Our overall research program is aimed at identifying the roles of various neural signaling pathways in the controls of food intake and body weight. The current research takes a number of approaches. The first involves the identification of the neural representation of meal-related satiety signals. Multiple feedback signaling pathways are activated by food ingestion and the gastrointestinal presence of digestion products. We are examining how signals from multiple sites and stimulus modalities are integrated within specific brain nuclei and, in an effort to model eating disorders, how alterations in feeding patterns can influence these neural representations.
The second approach involves the identification of interactions between peripheral, within-meal, satiety signals and hypothalamic peptide systems involved in overall energy balance. We are currently examining how the activity of hypothalamic leptin, NPY, CCK, CFR, CART and melanocortin systems interact with ascending satiety pathways to alter meal size. We are also investigating how alteration in cellular energy availability and production are transduced into changes in food intake and body weight. These experiments focus on the de novo fatty acid synthesis pathway in critical hypothalamic sites and take advantage of a novel group of chemicals that inhibit the production of fatty acids and/or stimulate fatty acid oxidation. We are examining how exercise not only increases energy expenditure but also reduces food intake. These experiments focus on the regulation of peptide gene expression in hypothalamic systems involved in energy balance.
Finally, we are examining how gestational factors can bias metabolic programming to contribute to altered feeding and obesity. Experiments are conducted at multiple levels and employ behavioral, physiological and molecular in vivo and in vitro paradigms.
My research interests involve delineating the role of bombesin-like peptides in the control of food intake. Bombesin-like peptides are found in the mammalian gastrointestinal tract and central nervous system and have been shown to suppress food intake when administered to a variety of mammalian species, including humans. The overall objective of this research program is to determine the neural pathways and mechanisms utilized by mammalian BN-like peptides to inhibit feeding and examine how these peptides interact with other peptides that participate in energy balance and body weight regulation.
The goal of my research is to understand how hypothalamic peptide signaling affects food intake and energy balance by using various techniques such as in situ hybridization, immunohistochemistry, central peptide administration and recombinant adeno-associated virus system for delivering genes or RNA interference with short interfering RNA (siRNA). In addition, we do in vitro studies to understand the regulation of energy metabolism at molecular biological levels using techniques such as cell culture, gene transfection, Western blotting, Northern blotting and real time RT-PCR.
Overweight and obesity is a growing public health problem worldwide, particularly among children. My current studies examine how environmental manipulations during development, specifically the intrauterine and early postnatal environments, influence the metabolic phenotype of the offspring. We are using a rat model to study the short- and long-term behavioral, neuroendocrine, and metabolic consequences of prenatal stress and changes in maternal nutrition.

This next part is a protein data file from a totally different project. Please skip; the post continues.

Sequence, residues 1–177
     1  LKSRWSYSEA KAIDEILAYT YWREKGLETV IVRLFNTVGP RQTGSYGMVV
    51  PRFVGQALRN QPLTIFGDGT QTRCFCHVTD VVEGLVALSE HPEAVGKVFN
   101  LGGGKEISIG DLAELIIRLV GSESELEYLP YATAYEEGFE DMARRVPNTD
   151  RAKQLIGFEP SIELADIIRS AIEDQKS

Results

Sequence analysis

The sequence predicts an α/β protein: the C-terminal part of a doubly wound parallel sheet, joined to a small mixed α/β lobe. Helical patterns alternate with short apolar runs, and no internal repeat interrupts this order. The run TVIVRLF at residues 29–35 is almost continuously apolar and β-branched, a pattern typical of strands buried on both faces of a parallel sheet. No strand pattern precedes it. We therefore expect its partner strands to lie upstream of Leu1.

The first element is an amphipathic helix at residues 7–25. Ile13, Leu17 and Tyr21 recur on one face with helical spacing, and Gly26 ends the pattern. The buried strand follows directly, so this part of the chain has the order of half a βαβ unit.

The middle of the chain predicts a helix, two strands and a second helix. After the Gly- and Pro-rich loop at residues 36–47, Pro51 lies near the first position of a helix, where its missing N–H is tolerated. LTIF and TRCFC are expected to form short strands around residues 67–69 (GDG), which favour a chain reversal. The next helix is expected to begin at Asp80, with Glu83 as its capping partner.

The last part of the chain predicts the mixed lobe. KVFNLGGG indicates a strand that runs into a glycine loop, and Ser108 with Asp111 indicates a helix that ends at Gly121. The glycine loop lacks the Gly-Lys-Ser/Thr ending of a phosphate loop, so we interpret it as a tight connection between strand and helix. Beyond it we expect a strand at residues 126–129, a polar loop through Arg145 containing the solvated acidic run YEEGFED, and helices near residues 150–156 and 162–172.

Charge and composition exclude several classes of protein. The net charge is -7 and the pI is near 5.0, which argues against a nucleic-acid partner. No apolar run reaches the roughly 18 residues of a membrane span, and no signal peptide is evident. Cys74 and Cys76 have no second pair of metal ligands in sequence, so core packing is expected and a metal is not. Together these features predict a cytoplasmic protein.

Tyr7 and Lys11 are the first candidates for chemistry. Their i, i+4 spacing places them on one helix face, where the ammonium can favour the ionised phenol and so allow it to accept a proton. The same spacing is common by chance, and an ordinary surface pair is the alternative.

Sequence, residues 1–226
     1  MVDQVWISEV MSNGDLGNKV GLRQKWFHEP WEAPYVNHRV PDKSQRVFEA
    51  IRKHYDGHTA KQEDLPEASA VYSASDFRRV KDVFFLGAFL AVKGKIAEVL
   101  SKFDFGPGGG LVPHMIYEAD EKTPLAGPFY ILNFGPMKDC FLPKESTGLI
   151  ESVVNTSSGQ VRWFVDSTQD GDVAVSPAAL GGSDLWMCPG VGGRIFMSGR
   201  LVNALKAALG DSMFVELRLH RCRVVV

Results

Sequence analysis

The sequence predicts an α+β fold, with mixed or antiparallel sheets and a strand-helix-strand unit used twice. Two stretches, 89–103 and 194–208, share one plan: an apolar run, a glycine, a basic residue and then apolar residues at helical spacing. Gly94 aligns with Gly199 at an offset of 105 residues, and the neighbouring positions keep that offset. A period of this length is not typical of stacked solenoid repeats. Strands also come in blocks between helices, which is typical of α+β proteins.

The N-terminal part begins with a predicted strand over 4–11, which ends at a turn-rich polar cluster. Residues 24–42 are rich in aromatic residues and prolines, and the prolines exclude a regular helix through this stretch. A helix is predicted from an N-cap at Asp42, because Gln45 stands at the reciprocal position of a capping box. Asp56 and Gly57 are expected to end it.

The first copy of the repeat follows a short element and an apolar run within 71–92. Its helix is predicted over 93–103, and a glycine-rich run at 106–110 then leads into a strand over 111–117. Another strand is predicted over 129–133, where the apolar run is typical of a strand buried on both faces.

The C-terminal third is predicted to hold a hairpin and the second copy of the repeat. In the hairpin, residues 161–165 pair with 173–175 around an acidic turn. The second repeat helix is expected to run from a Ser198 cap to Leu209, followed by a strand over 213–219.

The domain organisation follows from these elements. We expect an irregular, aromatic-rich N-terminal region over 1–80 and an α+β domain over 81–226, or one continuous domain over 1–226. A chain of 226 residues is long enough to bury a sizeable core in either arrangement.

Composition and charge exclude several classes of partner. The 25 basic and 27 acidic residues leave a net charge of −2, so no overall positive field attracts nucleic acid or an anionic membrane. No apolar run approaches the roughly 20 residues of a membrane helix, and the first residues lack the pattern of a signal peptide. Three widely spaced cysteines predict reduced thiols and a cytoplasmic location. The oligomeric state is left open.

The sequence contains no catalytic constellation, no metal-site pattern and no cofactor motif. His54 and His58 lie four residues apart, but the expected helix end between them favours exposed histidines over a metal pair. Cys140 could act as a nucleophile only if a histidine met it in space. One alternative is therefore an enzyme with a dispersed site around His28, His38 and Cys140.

Zachary Cordner, M.D.-Ph.D.
Broadly, my research interests focus on modeling the effects of genes and the environment on risk for psychiatric disorders. In the lab, I use mouse and rat models to understand how exposure to various stressors and genetic predispositions might impact the brain and behavior. Ongoing projects are focused on determining 1.) why chronic stress seems to increase the risk for cognitive impairment and Alzheimer’s disease, 2.) how early life stressors affect an individuals risk for mental illness later in life, and 3.) using social stress to model mood and anxiety disorders in order develop new treatment strategies and biomarkers for identifying at-risk individuals.
Matthew Hurley, Ph.D.
Seva Khambadkone, M.D.-Ph.D. student
My research interests focus on environmental determinants of brain and behavior. I'm particularly interested in identifying environmental factors that affect low-resource communities, such as poor diet, how such factors may influence neurodevelopment and neuropsychiatric risk, and how to design preventative and therapeutic interventions. In the lab, I use behavioral and molecular biology techniques to study rodent models, with relevance to broader clinical and public health translatability.
Kimberly R. Smith, Ph.D.
Overall, I’m interested in understanding the neurobiological mechanisms underlying eating-related disorders and determining how factors such as taste and food choice influence patient and treatment outcomes. I’m currently conducting my postdoctoral fellowship in clinical research where I am applying sophisticated neuroimaging acquisition and analysis techniques with rigorous behavioral assessments to identify mechanisms of disease and therapeutic targets to improve patient and treatment outcomes. I have a solid foundation in preclinical neurobiological studies assessing the genetic and behavioral factors that influence food intake using psychophysical methods in rodent models from my predoctoral training in neuroscience. During my postdoctoral fellowship I transitioned to translational clinical research to develop a skillset in the conduct of clinical research and magnetic resonance imaging methods and apply my basic research training to inform the design of clinically-relevant studies in eating-related disorders across the age (adolescents and adults) and weight spectrum (e.g. in individuals with obesity and those with anorexia nervosa).